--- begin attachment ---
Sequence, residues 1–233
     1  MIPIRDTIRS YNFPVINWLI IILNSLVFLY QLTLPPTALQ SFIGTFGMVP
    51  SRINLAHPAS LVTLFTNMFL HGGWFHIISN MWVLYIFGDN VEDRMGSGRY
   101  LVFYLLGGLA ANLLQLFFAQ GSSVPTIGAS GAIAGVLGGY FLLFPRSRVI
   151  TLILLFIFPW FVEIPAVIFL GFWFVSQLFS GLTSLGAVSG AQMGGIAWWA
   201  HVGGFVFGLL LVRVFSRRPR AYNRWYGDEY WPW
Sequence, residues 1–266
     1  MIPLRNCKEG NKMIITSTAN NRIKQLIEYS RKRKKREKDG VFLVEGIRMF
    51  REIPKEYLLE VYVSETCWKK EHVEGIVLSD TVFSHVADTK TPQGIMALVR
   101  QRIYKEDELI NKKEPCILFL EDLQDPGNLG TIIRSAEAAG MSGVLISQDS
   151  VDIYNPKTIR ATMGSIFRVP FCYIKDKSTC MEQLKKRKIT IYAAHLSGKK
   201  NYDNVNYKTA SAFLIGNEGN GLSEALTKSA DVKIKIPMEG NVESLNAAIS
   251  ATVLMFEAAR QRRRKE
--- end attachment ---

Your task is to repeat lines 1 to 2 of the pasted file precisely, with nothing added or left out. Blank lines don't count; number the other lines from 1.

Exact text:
Sequence, residues 1–233
     1  MIPIRDTIRS YNFPVINWLI IILNSLVFLY QLTLPPTALQ SFIGTFGMVP